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ORIGINAL ARTICLE
Year : 2018  |  Volume : 14  |  Issue : 12  |  Page : 1158-1162

Percutaneous transhepatic cholangial drainage combined with percutaneous endoscopic jejunostomy for maintaining nutrition state in patients with advanced ampullary neoplasms


Department of General Surgery, The Second Affiliated Hospital of Kunming Medical University, Kunming 650101, Yunnan, China

Date of Web Publication11-Dec-2018

Correspondence Address:
Pengyuan Xu
Department of General Surgery, The Second Affiliated Hospital of Kunming Medical University, No. 374 Dianmian Avenue, Kunming 650101, Yunnan
China
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Source of Support: None, Conflict of Interest: None


DOI: 10.4103/0973-1482.199788

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 > Abstract 


Purpose: To investigate the role of percutaneous transhepatic cholangial drainage (PTCD) combined with percutaneous endoscopic jejunostomy (PEJ) in maintaining the nutrition state in patients with advanced ampullary neoplasms.
Materials and Methods: Sixty patients who suffered from advanced ampullary neoplasms and could not tolerate internal drainage operation or biliary stent placement were enrolled. After PTCD, PEJ was implemented, and then the enteral nutrient solution + bile were instilled through PEJ tube for enteral nutrition support. Before and 1, 2, 3, and 4 weeks after surgery, the body weight, bilirubin, liver function, nutritional status, and immunologic function indexes were detected and compared.
Results: All patients had successfully completed PTCD combined with PEJ, and no serious complication occurred. The body mass index of the patients from 4 weeks after surgery was significantly higher than before (P < 0.05). From 2 weeks, both serum total bilirubin and direct bilirubin levels were significantly lower than before (P < 0.05). From 1 week, both alanine aminotransferase and aspartate aminotransferase levels were significantly lower than before (P < 0.05); from 2 weeks, the level of gamma-glutamyl transferase was significantly lower than before (P < 0.05). From 1 week, the levels of albumin, transferrin, and prealbumin were significantly increased compared with before (P < 0.05), and serum CD3+ cell content, CD4+ cell content, and CD4+/CD8+ ratio were significantly improved compared with before (P < 0.05).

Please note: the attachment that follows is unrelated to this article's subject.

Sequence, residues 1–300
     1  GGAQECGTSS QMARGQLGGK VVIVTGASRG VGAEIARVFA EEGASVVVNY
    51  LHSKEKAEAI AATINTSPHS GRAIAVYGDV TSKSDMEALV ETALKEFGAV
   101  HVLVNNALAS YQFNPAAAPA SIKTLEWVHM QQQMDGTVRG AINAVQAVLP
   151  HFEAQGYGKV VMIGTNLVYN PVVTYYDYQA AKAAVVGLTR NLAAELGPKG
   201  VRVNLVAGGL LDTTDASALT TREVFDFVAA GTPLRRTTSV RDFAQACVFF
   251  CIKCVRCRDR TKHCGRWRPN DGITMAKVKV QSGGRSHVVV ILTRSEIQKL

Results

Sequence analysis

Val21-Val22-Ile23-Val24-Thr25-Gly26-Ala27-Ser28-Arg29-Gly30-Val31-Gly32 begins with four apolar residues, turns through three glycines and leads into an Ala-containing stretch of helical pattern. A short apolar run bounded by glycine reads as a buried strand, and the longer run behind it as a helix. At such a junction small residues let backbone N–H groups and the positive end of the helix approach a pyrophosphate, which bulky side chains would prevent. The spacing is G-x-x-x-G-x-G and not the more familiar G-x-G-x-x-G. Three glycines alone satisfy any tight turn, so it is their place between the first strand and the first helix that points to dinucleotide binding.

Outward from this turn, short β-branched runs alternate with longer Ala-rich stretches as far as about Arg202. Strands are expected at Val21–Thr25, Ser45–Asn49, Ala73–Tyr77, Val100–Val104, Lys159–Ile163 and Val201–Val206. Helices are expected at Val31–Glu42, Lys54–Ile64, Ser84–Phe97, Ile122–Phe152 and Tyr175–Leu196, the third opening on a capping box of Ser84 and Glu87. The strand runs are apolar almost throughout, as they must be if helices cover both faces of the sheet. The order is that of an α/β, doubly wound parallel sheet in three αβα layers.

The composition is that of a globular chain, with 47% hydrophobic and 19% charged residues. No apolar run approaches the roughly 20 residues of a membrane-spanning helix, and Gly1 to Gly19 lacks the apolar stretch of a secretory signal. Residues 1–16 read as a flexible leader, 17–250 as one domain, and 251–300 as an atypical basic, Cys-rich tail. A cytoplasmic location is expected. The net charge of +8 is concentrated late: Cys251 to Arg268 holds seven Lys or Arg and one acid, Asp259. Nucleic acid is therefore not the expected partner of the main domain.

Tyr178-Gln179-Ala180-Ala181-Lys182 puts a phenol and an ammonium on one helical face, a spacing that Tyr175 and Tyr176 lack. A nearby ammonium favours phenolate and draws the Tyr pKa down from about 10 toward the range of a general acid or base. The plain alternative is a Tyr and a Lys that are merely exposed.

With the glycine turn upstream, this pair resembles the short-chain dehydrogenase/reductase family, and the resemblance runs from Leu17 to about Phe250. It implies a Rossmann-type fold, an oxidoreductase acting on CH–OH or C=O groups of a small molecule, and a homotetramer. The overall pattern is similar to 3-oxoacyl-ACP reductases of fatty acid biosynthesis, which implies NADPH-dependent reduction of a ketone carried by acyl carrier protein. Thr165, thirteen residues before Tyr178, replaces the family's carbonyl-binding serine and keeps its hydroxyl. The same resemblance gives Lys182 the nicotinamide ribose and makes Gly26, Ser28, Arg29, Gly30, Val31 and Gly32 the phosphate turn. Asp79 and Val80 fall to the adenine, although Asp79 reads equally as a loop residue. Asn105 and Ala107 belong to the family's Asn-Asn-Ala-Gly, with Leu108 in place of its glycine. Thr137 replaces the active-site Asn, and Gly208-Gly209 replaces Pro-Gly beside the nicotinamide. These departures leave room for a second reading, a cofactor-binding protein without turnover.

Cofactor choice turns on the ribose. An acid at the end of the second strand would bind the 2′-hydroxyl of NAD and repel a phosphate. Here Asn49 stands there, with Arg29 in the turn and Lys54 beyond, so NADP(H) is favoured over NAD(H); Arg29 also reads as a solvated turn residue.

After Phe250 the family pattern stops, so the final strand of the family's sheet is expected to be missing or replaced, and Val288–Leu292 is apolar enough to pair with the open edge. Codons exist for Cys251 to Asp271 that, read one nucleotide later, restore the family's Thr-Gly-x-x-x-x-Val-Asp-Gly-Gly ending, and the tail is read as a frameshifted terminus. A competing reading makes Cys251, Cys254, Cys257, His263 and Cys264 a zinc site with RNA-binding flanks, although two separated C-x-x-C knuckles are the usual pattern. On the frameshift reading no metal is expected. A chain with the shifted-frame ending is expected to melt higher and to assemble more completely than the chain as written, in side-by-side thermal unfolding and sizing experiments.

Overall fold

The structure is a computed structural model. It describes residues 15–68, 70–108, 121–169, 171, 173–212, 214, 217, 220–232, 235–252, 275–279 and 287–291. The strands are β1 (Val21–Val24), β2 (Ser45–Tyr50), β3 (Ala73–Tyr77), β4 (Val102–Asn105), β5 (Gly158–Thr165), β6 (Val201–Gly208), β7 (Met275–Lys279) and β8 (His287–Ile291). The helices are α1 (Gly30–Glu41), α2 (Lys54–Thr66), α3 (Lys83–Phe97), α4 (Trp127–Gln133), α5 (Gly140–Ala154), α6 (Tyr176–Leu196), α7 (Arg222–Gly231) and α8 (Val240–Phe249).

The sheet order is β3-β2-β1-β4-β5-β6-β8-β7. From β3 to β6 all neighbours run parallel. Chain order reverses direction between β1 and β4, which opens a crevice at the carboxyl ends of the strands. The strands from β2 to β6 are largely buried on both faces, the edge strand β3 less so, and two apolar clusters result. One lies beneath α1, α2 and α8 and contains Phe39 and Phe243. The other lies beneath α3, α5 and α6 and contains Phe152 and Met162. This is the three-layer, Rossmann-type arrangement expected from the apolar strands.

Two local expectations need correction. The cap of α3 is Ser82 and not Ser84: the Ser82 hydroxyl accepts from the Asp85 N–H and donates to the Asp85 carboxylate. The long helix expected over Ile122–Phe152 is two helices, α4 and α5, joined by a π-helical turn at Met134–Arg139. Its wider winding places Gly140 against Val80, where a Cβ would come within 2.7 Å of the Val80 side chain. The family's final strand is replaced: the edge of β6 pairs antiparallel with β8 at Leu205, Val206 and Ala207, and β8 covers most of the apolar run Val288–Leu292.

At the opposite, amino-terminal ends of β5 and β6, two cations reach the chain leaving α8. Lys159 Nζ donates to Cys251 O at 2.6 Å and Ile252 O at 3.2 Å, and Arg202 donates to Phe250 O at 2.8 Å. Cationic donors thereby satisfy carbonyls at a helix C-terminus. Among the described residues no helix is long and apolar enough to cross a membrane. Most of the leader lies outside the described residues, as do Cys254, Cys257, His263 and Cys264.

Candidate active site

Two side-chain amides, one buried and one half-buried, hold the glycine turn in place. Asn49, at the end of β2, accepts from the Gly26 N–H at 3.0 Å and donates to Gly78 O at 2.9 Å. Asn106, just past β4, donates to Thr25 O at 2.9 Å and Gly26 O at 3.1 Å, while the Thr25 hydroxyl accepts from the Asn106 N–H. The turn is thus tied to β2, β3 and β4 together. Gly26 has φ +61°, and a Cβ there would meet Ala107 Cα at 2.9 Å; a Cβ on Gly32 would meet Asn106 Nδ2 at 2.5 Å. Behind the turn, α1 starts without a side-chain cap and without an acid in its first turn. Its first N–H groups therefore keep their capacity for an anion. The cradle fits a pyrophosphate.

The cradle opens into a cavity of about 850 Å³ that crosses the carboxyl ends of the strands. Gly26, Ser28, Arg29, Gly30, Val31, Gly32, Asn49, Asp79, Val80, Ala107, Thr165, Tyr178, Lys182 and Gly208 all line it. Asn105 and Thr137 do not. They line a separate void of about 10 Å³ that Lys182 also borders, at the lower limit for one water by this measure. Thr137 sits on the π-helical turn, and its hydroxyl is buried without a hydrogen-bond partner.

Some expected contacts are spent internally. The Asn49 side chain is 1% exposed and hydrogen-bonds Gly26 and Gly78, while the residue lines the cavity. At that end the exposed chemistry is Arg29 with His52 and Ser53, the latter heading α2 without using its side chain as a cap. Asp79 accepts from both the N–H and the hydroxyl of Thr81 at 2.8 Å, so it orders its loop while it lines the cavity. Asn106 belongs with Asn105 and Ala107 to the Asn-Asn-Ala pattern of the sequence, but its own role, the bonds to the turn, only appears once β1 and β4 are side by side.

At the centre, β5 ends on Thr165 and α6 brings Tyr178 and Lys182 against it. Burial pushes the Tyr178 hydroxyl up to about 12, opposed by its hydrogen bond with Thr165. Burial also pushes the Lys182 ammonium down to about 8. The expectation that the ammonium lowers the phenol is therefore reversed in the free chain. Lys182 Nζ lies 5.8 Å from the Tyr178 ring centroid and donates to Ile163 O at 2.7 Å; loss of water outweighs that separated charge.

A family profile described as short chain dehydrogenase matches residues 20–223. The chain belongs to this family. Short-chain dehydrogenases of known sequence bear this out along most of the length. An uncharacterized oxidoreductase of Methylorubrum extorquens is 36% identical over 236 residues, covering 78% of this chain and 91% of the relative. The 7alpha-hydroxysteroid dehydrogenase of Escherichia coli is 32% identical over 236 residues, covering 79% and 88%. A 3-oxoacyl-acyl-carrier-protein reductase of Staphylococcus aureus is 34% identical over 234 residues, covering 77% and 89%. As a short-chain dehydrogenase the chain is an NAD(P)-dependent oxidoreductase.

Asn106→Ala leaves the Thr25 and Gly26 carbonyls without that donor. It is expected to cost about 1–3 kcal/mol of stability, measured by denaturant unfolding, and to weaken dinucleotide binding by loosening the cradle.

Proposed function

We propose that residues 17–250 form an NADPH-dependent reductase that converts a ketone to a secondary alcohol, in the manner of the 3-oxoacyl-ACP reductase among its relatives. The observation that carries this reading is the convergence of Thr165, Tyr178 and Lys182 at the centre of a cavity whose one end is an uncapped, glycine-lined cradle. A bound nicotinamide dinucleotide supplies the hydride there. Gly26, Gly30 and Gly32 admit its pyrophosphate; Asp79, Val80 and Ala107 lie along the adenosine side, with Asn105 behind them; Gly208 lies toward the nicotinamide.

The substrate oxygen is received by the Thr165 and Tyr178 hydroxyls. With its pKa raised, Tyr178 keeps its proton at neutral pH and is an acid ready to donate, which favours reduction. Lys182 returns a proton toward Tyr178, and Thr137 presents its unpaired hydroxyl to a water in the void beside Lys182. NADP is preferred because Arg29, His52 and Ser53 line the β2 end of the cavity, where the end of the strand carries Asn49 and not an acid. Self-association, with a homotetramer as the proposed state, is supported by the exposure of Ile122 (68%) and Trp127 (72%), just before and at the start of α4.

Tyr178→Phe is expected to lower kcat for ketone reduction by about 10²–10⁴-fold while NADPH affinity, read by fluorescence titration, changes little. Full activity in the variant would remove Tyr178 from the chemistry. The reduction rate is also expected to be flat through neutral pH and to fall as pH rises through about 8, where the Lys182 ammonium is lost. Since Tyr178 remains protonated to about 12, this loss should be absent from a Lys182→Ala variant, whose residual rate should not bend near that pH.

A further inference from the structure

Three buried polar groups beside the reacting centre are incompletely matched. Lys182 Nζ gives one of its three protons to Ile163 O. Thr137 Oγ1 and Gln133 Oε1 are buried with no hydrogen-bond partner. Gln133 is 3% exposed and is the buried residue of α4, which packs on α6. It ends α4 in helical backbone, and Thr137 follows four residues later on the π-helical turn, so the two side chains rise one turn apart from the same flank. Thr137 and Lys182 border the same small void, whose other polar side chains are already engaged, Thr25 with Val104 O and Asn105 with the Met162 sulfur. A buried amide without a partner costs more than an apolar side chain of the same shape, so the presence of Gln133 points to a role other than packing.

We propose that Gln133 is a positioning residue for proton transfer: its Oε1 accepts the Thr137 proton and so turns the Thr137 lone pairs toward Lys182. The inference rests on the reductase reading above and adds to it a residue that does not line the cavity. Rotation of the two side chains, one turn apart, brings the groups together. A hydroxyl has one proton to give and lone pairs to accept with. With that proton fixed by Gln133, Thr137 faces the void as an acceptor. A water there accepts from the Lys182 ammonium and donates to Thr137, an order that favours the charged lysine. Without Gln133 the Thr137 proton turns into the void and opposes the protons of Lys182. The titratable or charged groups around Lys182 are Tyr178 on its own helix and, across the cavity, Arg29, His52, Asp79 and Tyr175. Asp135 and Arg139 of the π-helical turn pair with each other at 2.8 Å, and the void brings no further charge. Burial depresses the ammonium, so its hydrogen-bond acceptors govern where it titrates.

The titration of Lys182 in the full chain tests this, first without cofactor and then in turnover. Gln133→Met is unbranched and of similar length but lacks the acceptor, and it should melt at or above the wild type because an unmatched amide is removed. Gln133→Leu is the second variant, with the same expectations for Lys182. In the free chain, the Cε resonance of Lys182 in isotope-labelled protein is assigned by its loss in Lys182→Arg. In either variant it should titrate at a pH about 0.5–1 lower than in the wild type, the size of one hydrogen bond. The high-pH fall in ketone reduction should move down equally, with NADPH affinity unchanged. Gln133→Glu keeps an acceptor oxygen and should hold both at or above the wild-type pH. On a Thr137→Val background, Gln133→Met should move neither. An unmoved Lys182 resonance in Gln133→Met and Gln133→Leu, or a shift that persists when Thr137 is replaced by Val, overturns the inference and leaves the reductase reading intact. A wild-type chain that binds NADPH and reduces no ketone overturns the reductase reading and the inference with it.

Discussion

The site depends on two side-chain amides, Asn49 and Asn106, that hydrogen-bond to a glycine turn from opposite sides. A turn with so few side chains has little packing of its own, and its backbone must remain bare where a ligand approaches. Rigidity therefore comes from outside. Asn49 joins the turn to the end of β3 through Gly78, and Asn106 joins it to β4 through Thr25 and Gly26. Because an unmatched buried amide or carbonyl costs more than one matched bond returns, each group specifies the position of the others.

Conclusion: PTCD combined with PEJ is a safe and effective method for maintaining nutrition state in patients with advanced ampullary neoplasms.

Keywords: Ampullary neoplasms, nutrition, percutaneous endoscopic jejunostomy, percutaneous transhepatic cholangial drainage


How to cite this article:
Sun Y, Li W, Sun D, Li S, Xu Q, Li Y, Lin Y, Qi Y, Yang T, Su K, Cen Y, Chen X, Xu P. Percutaneous transhepatic cholangial drainage combined with percutaneous endoscopic jejunostomy for maintaining nutrition state in patients with advanced ampullary neoplasms. J Can Res Ther 2018;14, Suppl S5:1158-62

How to cite this URL:
Sun Y, Li W, Sun D, Li S, Xu Q, Li Y, Lin Y, Qi Y, Yang T, Su K, Cen Y, Chen X, Xu P. Percutaneous transhepatic cholangial drainage combined with percutaneous endoscopic jejunostomy for maintaining nutrition state in patients with advanced ampullary neoplasms. J Can Res Ther [serial online] 2018 [cited 2019 Sep 17];14:1158-62. Available from: http://www.cancerjournal.net/text.asp?2018/14/12/1158/199788




 > Introduction Top